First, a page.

Mr Khokhar said: ‘There have been times when I’ve stopped at traffic lights and the Blu Eye starts going off but I can’t see any other vehicles. I have then driven off and seen a police car behind a bush.’

Mr Khokhar denied there was potential for the devices to be used for criminal activity. He said: ‘If anything, these devices are a criminal prevention tool. If you are planning to carry out a crime where there are emergency vehicles and the device is going off then you wouldn’t dare go through with it.’

But Steve Evans, vice-chairman of the Police Federation of England and Wales, said: ‘We have grave concerns about any product that may be used to compromise police officers’ or public safety.’

AA spokesman Luke Bosdet added: ‘The only person who will have one of these fitted to their cars is the type of person who is trying to dodge the law.’

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Police Infuriated About New “Cop Detecting” Device That Warns People When a Cop is Near

A powerful new device has hit the market that promises to warn drivers of nearby emergency vehicles, including police cars, fire trucks and ambulances. The device is called “Target Blu Eye” and is being sold by the Dutch Company “Target Automotive.

The Blu Eye system works by monitoring frequencies that are used by emergency vehicles and then alerts the driver when those frequencies are nearby. It does not allow the driver to listen in on the encrypted communications, but will simply give a signal when those frequencies are nearby.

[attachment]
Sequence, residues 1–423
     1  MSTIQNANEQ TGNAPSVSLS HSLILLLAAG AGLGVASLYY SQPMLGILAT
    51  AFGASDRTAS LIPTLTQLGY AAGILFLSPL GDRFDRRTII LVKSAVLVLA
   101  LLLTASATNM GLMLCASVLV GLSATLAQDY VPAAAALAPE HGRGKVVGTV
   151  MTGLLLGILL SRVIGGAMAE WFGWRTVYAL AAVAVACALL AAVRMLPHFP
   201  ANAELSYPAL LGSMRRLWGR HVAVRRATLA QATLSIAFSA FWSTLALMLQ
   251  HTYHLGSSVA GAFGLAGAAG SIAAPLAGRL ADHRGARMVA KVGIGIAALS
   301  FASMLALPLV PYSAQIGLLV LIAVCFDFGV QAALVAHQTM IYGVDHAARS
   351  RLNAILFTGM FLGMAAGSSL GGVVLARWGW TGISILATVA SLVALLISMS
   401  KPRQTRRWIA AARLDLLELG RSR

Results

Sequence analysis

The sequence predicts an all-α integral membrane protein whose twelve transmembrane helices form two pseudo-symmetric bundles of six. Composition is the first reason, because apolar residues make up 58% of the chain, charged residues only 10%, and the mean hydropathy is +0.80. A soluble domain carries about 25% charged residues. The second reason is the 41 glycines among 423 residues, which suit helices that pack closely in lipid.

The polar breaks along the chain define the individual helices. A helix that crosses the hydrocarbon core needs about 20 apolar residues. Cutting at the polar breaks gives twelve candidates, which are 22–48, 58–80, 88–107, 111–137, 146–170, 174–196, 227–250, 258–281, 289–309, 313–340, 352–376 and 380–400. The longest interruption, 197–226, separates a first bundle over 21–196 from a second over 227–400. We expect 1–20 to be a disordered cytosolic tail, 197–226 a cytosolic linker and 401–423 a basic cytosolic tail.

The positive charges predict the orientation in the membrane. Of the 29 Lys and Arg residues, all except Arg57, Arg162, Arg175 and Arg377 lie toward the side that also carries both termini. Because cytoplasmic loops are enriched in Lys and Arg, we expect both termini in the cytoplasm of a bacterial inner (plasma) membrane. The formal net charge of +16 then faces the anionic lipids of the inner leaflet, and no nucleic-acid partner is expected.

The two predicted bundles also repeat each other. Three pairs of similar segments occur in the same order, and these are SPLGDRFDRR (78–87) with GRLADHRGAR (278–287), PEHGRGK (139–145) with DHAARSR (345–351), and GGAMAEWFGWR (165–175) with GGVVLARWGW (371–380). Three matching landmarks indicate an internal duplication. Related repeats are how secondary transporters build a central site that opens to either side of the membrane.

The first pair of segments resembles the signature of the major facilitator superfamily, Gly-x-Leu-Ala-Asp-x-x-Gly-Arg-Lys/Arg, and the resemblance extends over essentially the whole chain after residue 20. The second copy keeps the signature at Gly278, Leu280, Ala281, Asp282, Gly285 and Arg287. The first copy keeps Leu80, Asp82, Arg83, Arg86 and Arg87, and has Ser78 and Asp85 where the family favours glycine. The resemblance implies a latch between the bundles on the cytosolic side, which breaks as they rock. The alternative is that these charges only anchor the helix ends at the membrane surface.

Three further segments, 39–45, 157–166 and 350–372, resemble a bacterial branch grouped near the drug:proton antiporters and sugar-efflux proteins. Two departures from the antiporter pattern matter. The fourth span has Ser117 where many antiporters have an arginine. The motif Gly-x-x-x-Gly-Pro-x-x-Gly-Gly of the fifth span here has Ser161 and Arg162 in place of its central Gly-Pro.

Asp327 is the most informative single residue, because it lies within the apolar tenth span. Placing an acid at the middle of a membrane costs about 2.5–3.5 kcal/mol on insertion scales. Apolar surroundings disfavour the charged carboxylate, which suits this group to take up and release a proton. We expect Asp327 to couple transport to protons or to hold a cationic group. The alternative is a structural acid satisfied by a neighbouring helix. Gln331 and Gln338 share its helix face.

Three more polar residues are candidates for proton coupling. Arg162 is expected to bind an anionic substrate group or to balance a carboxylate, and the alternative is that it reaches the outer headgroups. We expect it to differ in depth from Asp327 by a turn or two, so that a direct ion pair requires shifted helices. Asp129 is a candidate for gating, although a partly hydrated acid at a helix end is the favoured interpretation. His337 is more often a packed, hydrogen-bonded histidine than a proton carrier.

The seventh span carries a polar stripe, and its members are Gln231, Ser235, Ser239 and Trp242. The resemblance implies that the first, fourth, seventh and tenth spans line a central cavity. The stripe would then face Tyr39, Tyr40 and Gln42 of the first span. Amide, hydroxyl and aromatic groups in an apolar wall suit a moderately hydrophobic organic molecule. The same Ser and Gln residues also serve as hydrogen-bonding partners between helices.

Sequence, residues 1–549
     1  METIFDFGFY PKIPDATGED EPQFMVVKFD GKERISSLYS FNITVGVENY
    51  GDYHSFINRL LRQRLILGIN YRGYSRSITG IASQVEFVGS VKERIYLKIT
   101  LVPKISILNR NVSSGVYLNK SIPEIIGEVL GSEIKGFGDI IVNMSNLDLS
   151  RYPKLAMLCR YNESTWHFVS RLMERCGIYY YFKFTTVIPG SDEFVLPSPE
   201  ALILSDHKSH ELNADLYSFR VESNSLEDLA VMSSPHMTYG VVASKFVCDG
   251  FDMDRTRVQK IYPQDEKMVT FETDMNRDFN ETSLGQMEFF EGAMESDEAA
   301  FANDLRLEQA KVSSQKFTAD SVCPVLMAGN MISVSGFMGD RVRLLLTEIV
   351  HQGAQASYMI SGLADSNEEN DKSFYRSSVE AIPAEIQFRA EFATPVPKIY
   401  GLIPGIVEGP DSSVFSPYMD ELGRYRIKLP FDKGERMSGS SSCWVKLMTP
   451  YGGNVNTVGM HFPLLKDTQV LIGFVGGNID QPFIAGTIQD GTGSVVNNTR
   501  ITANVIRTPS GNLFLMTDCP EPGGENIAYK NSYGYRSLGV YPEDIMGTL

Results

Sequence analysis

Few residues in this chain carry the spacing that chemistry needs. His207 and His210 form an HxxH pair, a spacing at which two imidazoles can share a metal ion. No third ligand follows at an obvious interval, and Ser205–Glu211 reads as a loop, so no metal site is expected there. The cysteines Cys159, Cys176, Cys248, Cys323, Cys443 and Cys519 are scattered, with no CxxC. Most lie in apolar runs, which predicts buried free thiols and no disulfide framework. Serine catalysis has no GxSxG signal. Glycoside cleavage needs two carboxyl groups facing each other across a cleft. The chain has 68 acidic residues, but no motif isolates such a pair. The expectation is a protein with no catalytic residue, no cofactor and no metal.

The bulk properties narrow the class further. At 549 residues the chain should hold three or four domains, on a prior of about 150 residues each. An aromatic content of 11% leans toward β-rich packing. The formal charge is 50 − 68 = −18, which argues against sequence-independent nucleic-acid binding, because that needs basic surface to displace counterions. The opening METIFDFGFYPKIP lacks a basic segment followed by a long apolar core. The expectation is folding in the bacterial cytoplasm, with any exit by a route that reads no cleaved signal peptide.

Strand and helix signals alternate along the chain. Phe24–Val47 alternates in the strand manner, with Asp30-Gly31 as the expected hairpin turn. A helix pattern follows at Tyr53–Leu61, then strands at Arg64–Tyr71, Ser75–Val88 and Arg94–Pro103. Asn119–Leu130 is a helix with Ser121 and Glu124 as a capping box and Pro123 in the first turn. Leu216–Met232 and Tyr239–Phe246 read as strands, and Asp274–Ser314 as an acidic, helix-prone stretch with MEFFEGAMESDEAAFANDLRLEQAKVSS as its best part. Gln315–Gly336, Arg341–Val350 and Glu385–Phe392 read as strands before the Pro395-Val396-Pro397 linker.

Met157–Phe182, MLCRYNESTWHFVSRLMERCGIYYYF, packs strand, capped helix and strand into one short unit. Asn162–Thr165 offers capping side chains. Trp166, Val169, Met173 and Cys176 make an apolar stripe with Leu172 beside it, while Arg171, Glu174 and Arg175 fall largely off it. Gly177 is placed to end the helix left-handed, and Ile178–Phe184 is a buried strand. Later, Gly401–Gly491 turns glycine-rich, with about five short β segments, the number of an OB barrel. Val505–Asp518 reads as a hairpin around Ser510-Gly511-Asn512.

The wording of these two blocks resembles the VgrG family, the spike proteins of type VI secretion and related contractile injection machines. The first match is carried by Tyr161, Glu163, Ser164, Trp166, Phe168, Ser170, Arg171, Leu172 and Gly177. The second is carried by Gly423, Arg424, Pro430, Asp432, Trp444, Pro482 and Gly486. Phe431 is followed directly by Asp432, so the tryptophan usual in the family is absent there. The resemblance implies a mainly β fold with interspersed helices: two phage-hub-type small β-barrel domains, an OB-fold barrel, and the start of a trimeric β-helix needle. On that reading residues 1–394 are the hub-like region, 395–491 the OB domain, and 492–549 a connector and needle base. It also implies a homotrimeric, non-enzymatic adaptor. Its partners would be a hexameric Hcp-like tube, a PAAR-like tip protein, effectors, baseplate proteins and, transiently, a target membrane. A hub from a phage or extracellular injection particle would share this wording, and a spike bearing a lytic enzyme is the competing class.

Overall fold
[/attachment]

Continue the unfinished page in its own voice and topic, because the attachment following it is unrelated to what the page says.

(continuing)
This is far more advanced and accurate than a traditional radar detector, because this device works even when the officer has their radar and other equipment turned off.

Police representatives and mainstream media sources are not pleased that this device is on the market, because it will give oppressed drivers an edge on police who depend on the element of surprise to generate their revenue.

The Sunday Times published an attack piece on the invention this week, calling it a “gadget for crooks,” and suggested that it undermines the goals of law enforcement.

“As it does not distinguish between a police car, ambulance or fire engine responding to an emergency or one that is simply driving under non-blue-light conditions, this particular device is sadly just as likely to be bought by a minority of motorists who wish to evade being caught behaving illegally,” Bizley said.

The Target Blu Eye system sells for about $1,600 in Europe, where the device is currently being sold. The type of frequencies that the system is trained to detect are only used by emergency vehicles in Europe. However, according to Fox News, Target Managing Director Jan Rijks said a version that will be compatible with emergency vehicles in the US is nearly ready for release, and could be released sometime in 2015.

Rijks also responded to the attacks against his invention, saying that: “We promote the safe side. Of course, people may say, ‘I want, now and then, to drive a little faster,’ but in a big city there is no licence to speed because there is always the presence of emergency vehicles, which could be ambulances or fire engines. People driving with Blu Eye are more aware of their speed and driving behaviour because you get alerts, which makes people check that they are doing everything OK.